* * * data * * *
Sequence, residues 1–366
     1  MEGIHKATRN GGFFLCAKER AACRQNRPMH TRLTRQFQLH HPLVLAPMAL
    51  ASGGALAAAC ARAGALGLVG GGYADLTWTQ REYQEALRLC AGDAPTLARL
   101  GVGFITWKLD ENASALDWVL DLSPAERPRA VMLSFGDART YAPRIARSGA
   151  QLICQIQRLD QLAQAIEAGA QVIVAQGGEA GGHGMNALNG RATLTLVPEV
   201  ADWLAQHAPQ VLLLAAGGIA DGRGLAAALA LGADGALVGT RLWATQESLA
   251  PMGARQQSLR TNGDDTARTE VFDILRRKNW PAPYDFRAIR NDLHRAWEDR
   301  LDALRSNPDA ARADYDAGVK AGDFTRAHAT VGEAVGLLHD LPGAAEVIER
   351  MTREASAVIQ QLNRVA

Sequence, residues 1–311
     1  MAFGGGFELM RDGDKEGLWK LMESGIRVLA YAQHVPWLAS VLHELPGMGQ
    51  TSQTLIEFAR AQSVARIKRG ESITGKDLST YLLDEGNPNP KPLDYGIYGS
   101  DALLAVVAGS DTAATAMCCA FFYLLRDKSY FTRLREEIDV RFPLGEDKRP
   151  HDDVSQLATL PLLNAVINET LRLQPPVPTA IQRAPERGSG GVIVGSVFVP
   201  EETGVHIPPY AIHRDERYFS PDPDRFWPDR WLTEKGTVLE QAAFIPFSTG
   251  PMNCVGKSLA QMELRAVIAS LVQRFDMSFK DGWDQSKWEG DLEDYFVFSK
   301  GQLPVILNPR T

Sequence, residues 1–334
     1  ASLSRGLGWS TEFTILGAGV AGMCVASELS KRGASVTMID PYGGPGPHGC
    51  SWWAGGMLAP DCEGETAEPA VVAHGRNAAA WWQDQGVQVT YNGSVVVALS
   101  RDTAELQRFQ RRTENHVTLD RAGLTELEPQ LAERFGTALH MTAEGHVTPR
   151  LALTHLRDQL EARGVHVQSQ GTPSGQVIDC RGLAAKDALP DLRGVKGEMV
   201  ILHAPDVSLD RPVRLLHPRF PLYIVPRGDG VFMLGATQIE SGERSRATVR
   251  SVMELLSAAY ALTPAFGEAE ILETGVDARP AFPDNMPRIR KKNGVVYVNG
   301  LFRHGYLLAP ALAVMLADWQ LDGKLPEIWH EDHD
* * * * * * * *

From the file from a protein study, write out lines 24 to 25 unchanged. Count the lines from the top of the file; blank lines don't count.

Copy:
   251  SVMELLSAAY ALTPAFGEAE ILETGVDARP AFPDNMPRIR KKNGVVYVNG
   301  LFRHGYLLAP ALAVMLADWQ LDGKLPEIWH EDHD